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RI0078. Stuart City Trend, Lower Cretaceous, South Texas: A Carbonate Shelf-Margin Model for Hydrocarbon Exploration, by D. G. Bebout and R. G. Loucks. 80 p., 44 figs., 3 tables, 1974. To purchase this publication as a downloadable PDF, please order RI0078D.
Excerpted from the SUMMARY
Lower Cretaceous shallow-water carbonates accumulated on a broad shelf which completely encircled the Gulf of Mexico. Biogenic growth climaxed along the basinward edge, or shelf margin, where a complex of reefs, banks, bars, and islands developed. The sediments reached a total thickness of 2,000 to 2,500 feet; numerous deep wells ranging in total depth from 11,000 to 20,000 feet have resulted in the discovery of a few marginally productive gas fields.
The objectives of this study are: (I) to describe the depositional facies and environments present along this trend in order to provide a model for further hydrocarbon exploration along the Stuart City Trend and also in the deeper Sligo Trend, and (2) to identify diagenetic processes which relate to porosity distribution and might lead to the discovery of zones of higher porosity elsewhere along the trend.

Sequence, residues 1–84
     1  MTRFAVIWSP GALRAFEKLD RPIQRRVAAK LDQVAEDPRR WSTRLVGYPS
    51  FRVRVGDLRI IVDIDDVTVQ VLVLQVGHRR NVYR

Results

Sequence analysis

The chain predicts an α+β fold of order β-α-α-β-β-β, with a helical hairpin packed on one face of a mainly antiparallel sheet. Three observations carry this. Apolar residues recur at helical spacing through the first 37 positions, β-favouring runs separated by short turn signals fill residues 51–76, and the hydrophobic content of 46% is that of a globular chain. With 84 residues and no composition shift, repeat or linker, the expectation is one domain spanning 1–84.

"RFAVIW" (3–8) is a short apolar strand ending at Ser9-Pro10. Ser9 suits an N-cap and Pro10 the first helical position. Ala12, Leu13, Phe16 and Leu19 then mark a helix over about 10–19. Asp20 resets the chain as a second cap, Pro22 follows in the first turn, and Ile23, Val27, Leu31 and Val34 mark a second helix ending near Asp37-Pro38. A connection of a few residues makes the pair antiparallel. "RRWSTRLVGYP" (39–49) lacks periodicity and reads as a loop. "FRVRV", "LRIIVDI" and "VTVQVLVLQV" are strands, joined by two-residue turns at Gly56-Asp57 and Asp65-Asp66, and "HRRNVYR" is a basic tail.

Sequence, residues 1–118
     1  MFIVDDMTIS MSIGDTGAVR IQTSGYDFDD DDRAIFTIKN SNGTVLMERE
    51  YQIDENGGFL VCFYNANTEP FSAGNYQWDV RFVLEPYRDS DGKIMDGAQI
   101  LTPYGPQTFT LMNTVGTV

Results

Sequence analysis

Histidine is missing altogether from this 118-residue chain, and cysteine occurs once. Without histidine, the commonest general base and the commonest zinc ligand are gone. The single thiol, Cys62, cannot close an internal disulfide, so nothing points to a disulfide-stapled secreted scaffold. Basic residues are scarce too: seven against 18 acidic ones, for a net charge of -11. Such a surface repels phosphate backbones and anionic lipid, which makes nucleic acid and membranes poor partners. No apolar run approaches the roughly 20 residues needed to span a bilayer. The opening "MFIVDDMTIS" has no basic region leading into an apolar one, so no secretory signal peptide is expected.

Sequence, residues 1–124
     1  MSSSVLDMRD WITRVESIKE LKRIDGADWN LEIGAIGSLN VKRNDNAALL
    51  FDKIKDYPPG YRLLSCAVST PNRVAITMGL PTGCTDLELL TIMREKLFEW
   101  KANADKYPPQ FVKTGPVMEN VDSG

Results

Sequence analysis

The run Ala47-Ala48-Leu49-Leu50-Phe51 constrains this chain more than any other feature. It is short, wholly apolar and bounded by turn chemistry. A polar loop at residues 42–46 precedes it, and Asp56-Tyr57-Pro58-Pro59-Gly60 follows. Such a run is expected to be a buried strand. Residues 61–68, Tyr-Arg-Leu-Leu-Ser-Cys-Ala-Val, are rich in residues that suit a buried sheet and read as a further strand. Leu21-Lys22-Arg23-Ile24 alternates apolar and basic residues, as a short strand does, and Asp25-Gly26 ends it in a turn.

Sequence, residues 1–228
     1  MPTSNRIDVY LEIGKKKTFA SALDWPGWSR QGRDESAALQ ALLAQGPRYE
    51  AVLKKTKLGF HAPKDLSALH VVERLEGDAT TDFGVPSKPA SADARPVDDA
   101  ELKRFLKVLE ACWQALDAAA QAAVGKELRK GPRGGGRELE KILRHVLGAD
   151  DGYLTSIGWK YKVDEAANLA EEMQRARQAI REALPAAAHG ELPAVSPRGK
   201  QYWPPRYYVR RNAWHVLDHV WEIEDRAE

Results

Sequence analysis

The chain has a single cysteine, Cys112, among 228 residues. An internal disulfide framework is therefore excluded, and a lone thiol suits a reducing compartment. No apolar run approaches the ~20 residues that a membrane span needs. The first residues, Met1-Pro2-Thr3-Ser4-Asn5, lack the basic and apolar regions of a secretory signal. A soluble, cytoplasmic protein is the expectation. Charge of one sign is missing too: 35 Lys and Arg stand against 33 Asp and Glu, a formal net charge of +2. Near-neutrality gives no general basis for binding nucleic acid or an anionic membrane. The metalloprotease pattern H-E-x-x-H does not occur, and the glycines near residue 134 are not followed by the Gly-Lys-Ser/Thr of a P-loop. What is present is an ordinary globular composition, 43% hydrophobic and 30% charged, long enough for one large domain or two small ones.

Keywords: carbonates, Cretaceous, depositional environments, facies, Sligo Trend, Stuart City Trend, Texas
Bebout, D. G., and Loucks, R. G., 1974, Stuart City Trend, Lower Cretaceous, South Texas: A Carbonate Shelf-Margin Model for Hydrocarbon Exploration: The University of Texas at Austin, Bureau of Economic Geology, Report of Investigations No. 78, 80 p.